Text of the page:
Australian author Susanne Gervay (visit her website and blog) has had a very busy year this year and social justice has been high on her agenda. She is one of the contributors to Fear Factor: Terror Incognito, an anthology of short stories featuring ten Australian and ten Indian writers, edited by Meenakshi Bharat and Sharon Rundle (Macmillan Australia/ Picador India, 2010). She has been writing about her travels to India and Kiribati, a “Pacific atoll nation drowning under climate change”. She has just launched Always Jack, the third book about Jack, following on from her wonderful I Am Jack and Super Jack. Most recently, Susanne was in South Korea for the Nambook-010 Fesival, the 5th Nami Island International Children’s Book Festival. She was there because she was taking part in Peace Story, a very special project. We are very grateful to Susanne for telling us all about it here. For those of us who couldn’t be there in person, Susanne’s description and photographs are definitely the next best thing!
In these troubled times with North Korea’s military attack on South Korea, the international publication of Peace Story is poignant and important. Twenty-two children’s authors and twenty-two illustrators from twenty-two countries engaged in an international cooperative to create a unique anthology, Peace Story, for young people. Respected academic author on Irish children’s literature Valerie Coghlan and Irish Laureate for children’s literature Siobhán Parkinson were the co-editors of Peace Story.
‘Peace Story’ was part of the Nami Island International Children’s Book Festival, South Korea which was first held in 2005 to commemorate the 200th anniversary of the birth of Hans Christian Andersen. It is a six-week bi-annual festival of children’s books, the environment and peace, featuring outstanding exhibitions of children’s books and illustrations from all over the world. Much loved Korean illustrator Kang Woo-hyon, President of the Nambook-010 International Committee headed the ‘Peace Story’ project with the support of the Nami Island Minn family who published and translated some of the stories, and hosted the authors and illustrators on Nami Island. It was supported by National YMCA Korea, UNICEF and UNESCO Korea, the Korean Ministry of Culture, Sport and Tourism, and Nami Island the official sponsor of the IBBY Hans Christian Anderson Awards.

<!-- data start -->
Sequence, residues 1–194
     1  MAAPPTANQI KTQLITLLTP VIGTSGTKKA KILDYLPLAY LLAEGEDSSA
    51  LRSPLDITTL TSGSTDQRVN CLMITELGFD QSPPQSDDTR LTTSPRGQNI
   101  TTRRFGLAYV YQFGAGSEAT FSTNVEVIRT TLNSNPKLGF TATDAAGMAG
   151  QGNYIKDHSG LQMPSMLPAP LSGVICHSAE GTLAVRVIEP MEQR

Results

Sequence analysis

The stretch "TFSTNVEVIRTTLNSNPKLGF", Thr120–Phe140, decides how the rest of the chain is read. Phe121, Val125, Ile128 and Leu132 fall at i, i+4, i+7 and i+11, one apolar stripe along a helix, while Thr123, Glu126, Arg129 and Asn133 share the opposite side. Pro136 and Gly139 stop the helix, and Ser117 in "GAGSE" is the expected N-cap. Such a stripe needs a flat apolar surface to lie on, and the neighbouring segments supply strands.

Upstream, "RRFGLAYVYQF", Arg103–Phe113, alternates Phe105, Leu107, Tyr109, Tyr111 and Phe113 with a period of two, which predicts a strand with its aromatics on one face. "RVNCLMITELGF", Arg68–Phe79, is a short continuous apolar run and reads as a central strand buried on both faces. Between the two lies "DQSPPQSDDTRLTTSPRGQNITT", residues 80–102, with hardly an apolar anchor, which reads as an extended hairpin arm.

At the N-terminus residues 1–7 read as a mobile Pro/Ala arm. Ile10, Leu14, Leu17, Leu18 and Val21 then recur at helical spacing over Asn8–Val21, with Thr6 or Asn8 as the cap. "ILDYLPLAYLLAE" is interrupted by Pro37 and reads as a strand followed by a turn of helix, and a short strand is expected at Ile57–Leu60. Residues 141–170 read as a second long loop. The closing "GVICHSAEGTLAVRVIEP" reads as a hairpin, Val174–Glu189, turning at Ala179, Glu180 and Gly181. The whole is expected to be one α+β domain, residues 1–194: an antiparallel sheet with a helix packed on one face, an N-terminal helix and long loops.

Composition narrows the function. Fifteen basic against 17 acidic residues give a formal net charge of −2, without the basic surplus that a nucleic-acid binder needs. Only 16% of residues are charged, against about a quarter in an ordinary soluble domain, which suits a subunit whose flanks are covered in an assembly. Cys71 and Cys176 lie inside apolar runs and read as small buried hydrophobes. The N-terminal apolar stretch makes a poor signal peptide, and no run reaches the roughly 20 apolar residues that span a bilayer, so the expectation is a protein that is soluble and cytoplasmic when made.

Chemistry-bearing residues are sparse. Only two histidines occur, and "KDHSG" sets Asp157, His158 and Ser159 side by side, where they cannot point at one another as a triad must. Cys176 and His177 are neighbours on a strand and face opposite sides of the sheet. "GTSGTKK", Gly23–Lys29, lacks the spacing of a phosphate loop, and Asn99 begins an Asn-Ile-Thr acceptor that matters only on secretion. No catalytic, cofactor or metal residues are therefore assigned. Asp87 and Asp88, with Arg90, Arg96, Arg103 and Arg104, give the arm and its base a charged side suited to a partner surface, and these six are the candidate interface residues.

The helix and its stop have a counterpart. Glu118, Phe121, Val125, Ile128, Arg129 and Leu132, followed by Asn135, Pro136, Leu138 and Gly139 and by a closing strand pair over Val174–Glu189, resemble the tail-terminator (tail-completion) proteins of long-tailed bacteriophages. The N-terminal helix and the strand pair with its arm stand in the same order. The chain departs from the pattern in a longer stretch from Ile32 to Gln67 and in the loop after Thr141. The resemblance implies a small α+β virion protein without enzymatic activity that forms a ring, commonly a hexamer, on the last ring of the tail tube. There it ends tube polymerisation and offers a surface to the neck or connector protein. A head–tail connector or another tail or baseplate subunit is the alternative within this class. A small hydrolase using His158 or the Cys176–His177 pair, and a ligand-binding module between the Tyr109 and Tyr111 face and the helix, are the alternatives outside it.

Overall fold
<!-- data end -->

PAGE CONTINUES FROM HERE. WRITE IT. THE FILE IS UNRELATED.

My Australian story ‘To East Timor with Love Australia’, illustrated by the award-winning Frané Lessac, opens the anthology Peace Story. Frané Lessac’s vibrant colours of bright pink bougainvillea and yellow-centred frangipanis create a visual representation of loss of homeland through war, but also hope for the future.
The Peace Story collection ends with a beautiful verse story, ‘A Plum for Peace’ by Pam Muñoz Ryan. Caldecott Medal winner Eric Rohmann illustrated Ryan’s work using soft water colours depicting a child seeking that elusive ‘plum’ of peace.
The South Korean story ‘Recalling a Musk Deer’ written by international award-winning poet and children’s author Kim Jin-kyung, translated by Fred Minn, is a story of the separation of North and South Korea. Illustrator Kim Jae-hong’s depiction of the soldiers in the demilitarized zone and the hurt deer that brings them together is profoundly moving, especially at this time of military conflict in Korea.